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🔬"Myths About Bottled Water"

Water Nerds

Photo by Jonathan Chng / Unsplash

Table of Contents

Host: Analies Ross-Dyjak | Head of Policy & Perspectives | Hydroviv
Category: 🔬 Research

Podcast’s Essential Bites:

[1:05] “How safe is bottled water? […] The reality is, it's not as safe […] as tap water. So the reason […] [for that] is because the FDA, Food and Drug Administration, regulates bottled water and the Environmental Protection Agency or EPA regulates tap water. And so these standards are basically identical. […] There's one exception, and that's lead. The standard for lead in bottled water is just a little bit lower, because bottled water should never pass through any of the same infrastructure that it does for municipal tap water. […] Other than that, bottled water and tap water follow […] mirror image regulations and standards.”

[2:19] “That also means that bottled water could potentially have things like arsenic, PFAS, and then some regulated contaminants […] [in it]. PFAS also is unregulated […] for bottled water and for tap water. With that unregulated component, testing requirements are not enforced for bottled waters, similar to how they're not enforced for tap water.”

[3:04] “Consumer Reports […] did a study that tested a variety of different bottled water brands. […] And they actually found that seven of the carbonated brands had detectable levels of PFAS. And two of the still [water] brands also had PFAS as well. And so this was pretty shocking to people that were using bottled water because their municipalities had detectable levels of PFAS. And so the crux of this is basically that, just because you think you're eliminating PFAS by using bottled water that just isn't the case sometimes.”

[4:15] “Bottled water companies have really cracked the code on their marketing efforts. And so every company uses some image of […] a pristine lake or a waterfall or a glacier or something along those lines to make people believe that the water that they're drinking and buying is from this really pristine and clean source. And again, that's just not the case. So bottled water companies actually aren't required to disclose the exact source of their water. And so with tap water that is a requirement. […] Usually bottled water packaging will have where [the water] was either bottled, produced, manufactured, […] but not necessarily the actual source.”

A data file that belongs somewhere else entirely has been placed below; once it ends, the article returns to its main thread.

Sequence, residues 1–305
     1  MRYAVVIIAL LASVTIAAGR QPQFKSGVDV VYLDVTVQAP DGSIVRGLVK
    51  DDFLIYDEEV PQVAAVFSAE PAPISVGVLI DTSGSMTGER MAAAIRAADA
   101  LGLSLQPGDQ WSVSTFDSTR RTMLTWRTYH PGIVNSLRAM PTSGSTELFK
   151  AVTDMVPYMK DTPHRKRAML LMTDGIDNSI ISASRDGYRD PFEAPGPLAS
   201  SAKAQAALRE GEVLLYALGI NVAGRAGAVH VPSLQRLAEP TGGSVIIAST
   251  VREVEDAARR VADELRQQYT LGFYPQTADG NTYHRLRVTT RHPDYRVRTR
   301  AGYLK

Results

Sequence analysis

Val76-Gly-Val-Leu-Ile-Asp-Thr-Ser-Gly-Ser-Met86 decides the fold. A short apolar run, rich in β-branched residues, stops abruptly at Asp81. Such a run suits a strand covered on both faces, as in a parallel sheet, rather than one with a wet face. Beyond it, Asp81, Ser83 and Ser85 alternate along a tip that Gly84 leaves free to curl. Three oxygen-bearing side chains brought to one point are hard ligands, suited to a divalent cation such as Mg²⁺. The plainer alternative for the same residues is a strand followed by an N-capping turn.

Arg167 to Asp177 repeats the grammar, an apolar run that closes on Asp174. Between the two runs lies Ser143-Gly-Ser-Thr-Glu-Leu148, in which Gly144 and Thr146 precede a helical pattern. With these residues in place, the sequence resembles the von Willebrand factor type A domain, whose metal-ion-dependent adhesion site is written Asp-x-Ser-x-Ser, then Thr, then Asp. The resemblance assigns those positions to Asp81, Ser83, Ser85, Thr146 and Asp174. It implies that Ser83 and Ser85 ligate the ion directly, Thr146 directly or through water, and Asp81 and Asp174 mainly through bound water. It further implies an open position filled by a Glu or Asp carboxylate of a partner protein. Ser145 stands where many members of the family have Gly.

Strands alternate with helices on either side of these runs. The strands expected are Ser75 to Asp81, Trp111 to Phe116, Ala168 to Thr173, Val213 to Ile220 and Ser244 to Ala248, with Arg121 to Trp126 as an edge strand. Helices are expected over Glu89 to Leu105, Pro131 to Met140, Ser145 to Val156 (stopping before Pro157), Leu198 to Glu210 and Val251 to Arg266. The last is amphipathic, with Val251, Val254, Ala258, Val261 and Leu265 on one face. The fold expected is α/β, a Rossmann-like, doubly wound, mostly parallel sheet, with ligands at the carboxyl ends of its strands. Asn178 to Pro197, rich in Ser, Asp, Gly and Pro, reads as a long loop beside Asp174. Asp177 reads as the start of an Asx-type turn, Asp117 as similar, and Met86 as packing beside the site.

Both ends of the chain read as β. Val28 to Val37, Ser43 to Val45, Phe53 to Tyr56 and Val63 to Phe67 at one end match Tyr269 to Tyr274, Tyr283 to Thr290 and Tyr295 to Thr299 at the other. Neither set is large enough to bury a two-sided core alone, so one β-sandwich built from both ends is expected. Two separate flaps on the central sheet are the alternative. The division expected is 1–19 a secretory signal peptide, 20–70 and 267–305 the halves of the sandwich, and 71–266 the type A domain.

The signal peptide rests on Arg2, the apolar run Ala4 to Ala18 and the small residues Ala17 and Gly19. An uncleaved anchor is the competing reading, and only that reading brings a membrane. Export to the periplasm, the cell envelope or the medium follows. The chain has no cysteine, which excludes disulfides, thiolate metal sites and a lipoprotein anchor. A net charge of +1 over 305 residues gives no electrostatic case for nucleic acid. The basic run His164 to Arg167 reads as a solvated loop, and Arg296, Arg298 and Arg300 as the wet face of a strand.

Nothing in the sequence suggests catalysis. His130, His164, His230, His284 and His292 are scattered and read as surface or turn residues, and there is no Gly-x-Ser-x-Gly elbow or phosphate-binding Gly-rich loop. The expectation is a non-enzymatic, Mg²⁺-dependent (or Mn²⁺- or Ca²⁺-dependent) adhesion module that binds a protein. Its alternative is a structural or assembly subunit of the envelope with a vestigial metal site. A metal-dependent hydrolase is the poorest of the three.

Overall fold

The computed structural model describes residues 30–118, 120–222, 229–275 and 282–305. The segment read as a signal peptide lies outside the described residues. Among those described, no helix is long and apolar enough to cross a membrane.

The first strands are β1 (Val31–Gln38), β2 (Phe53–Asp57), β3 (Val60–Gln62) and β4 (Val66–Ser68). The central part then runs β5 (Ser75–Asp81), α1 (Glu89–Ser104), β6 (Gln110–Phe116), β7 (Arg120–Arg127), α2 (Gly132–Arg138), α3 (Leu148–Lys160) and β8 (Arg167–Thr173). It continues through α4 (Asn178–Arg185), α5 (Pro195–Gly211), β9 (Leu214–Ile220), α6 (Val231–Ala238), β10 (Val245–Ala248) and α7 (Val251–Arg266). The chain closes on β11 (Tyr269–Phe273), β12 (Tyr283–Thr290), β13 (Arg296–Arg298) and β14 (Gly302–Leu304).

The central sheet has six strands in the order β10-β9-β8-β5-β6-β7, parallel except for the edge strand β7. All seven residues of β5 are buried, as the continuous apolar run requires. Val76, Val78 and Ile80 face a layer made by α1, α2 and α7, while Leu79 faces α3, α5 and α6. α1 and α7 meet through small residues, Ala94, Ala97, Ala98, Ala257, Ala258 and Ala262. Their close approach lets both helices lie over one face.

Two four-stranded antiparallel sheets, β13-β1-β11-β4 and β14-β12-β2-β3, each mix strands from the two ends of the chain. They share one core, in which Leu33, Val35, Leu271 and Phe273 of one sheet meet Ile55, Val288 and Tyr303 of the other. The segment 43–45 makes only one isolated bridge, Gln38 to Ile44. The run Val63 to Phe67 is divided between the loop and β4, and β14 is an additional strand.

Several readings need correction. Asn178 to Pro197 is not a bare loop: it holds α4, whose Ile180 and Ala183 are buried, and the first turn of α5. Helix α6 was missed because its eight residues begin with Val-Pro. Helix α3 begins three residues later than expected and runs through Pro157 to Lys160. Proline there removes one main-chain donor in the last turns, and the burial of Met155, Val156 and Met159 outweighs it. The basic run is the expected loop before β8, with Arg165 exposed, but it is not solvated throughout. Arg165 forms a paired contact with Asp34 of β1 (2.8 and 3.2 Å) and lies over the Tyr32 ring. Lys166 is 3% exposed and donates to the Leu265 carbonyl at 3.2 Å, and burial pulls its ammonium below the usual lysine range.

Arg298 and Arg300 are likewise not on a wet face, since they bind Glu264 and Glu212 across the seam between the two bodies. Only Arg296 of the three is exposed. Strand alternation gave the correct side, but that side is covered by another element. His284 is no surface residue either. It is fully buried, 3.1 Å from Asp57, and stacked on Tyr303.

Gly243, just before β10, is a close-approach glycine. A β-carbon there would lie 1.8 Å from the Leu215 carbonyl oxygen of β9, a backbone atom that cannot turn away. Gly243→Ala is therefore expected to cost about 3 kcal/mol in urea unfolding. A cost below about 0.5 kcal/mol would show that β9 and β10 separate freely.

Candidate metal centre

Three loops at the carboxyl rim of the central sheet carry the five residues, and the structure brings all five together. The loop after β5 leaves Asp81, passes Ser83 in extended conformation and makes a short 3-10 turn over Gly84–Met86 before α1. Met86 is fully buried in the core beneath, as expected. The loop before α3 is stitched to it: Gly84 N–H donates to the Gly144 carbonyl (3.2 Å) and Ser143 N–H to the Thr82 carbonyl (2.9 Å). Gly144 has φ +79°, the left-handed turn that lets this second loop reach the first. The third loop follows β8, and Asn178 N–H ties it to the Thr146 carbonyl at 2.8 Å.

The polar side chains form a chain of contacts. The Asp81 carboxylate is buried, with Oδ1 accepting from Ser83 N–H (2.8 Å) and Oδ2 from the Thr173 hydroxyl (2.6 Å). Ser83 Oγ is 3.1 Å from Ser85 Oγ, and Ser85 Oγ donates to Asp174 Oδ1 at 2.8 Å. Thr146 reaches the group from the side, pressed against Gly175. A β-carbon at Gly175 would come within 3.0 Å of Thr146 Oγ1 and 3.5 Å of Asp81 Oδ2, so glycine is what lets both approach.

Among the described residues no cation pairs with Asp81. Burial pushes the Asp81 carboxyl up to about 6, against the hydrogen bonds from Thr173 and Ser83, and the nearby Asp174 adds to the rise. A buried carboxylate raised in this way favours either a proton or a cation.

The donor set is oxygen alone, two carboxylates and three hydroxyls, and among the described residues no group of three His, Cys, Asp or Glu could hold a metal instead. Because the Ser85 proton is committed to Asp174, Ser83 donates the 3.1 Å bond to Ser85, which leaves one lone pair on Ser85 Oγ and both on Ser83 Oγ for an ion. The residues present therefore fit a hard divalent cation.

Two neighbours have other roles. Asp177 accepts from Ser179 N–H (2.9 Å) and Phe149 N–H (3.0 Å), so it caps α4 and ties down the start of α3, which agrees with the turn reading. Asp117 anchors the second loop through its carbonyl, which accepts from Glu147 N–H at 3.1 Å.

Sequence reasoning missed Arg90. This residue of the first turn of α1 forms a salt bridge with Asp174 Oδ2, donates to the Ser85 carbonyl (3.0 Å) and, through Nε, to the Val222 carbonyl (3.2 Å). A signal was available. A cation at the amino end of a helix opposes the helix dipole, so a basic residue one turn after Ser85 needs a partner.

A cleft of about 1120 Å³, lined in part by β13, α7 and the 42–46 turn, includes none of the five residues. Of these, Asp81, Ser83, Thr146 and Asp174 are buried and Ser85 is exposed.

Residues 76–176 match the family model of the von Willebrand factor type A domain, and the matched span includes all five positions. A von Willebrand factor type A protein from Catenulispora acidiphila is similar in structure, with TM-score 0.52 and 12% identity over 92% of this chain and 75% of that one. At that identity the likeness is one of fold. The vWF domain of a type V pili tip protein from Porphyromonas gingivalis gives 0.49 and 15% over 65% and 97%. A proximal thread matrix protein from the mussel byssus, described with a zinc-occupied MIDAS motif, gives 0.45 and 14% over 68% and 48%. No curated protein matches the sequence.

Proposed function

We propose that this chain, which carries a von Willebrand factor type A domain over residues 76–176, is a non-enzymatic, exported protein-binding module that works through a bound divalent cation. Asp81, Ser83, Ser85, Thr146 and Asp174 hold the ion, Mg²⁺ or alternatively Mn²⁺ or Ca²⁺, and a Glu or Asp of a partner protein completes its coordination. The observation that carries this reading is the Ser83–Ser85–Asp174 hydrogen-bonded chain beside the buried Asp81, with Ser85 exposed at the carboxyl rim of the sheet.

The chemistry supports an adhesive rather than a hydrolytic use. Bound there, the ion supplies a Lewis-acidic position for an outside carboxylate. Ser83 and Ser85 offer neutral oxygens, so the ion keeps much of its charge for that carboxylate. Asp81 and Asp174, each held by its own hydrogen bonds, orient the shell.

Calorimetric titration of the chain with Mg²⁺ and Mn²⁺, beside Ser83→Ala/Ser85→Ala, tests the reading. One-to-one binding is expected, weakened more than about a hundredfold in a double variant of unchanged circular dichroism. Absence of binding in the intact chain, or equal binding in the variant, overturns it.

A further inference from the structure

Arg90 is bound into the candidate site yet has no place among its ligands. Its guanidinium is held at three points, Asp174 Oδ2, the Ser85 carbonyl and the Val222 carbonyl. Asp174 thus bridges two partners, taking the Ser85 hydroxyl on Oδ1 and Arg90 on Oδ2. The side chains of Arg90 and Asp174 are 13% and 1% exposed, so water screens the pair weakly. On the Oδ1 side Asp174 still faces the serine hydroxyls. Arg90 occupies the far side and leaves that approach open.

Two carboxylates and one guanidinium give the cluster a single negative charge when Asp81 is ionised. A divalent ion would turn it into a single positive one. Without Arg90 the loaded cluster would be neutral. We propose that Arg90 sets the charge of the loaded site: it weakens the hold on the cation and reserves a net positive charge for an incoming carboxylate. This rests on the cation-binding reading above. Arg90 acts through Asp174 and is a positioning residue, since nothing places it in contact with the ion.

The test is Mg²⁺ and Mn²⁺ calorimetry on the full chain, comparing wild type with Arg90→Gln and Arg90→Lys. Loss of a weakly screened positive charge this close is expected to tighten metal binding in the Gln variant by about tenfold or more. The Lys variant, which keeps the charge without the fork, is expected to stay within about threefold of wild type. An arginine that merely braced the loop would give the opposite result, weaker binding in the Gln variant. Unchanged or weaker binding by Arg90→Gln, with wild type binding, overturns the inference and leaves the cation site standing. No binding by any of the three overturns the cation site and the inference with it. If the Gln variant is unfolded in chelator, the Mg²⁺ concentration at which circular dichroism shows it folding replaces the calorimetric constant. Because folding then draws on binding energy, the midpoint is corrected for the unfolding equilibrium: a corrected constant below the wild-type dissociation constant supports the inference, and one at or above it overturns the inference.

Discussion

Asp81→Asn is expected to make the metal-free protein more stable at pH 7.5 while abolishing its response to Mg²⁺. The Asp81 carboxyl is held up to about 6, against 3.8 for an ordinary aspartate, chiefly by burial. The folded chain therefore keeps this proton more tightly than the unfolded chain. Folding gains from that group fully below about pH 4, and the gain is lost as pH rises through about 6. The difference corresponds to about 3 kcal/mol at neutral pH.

[7:51] “25-45% of bottled water actually comes from a municipal source water. So […] it's usually not much better than what's coming out of your tap in terms of where it's being sourced.”

[8:12] “By 2050, the ocean will contain more plastic than fish by weight.”

[8:206 “91% of plastic isn't recycled. So that means that the majority of the single use plastic such as plastic water bottles ends up in landfills or the environment. It can take 400 years for one single plastic water bottle to fully decompose in the environment.”

Rating: 💧💧💧

🎙️ Full Episode: Apple
🕰️ 9 min | 🗓️ 09/29/2021
✅ Time saved: 7 min

Additional Links:
Hydroviv Blog

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